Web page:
Purpose: To compare accuracy and interobserver variability in the detection and localization of recurrent ovarian cancer with contrast material–enhanced (CE) computed tomography (CT) and positron emission tomography (PET)/CT and determine whether imaging findings can be used to predict survival.
Materials and Methods: Waiving informed consent, the institutional review board approved this HIPAA-compliant, retrospective study of 35 women (median age, 54.4 years) with histopathologically proven recurrent ovarian carcinoma who underwent CE CT and PET/CT before exploratory surgery. All CE CT and PET/CT scans were independently analyzed. Tumor presence, number of lesions, and the size and maximum standardized uptake value (SUVmax) of the largest lesion were recorded for patient and region. Surgical histopathologic findings constituted the reference standard. Areas under the receiver operating characteristic curves (AUCs), κ statistics, and hazard ratios were calculated.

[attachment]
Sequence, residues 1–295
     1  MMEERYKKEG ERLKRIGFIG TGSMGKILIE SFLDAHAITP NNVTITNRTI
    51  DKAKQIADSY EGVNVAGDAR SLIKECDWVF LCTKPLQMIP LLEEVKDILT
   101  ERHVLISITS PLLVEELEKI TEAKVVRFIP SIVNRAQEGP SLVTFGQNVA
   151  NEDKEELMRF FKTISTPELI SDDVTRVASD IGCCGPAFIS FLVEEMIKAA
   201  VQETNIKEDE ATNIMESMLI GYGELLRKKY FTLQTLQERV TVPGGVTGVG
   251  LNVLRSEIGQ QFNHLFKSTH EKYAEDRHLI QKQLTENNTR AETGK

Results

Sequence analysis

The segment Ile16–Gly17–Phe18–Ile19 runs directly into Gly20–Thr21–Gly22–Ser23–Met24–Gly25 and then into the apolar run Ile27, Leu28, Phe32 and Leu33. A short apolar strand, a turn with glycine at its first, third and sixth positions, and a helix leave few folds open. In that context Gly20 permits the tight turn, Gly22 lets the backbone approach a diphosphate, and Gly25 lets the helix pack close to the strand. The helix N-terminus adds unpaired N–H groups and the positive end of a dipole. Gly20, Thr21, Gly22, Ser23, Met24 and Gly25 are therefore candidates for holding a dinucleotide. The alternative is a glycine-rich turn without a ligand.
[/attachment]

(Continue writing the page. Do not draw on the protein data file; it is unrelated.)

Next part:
Results: Readers’ AUCs in detection of recurrence for region were 0.85 (95% confidence interval [CI]: 0.81, 0.90) and 0.78 (95% CI: 0.72, 0.83) for CE CT and 0.84 (95% CI: 0.79, 0.89) and 0.74 (95% CI: 0.67, 0.81) for PET/CT (P = .76); 12 patients died. At PET/CT, size, number, and SUVmax of peritoneal deposits were significantly associated with poor survival for readers 1 and 2 (P ≤ .01and ≤ .05, respectively), as were long- and short-axis diameters, number, and SUVmax of distant lymph nodes for reader 1 (P ≤ .001). With CE CT, size (reader 1) and number (readers 1 and 3) of peritoneal deposits were significantly associated with poor survival (P ≤ .01), as were long- and short-axis diameters and number of distant lymph nodes for reader 1 (P ≤ .01). Interobserver agreement ranged from fair (patient, κ = 0.30) to moderate (region, κ = 0.55) for CE CT and fair (patient, κ = 0.24) to substantial (region, κ = 0.63) for PET/CT.
Conclusion: Preliminary data suggest that CE CT and PET/CT may have similar accuracy in detection of recurrent ovarian cancer. Tumor size, number, and SUVmax may have potential as prognostic biomarkers for patients with recurrent ovarian cancer.
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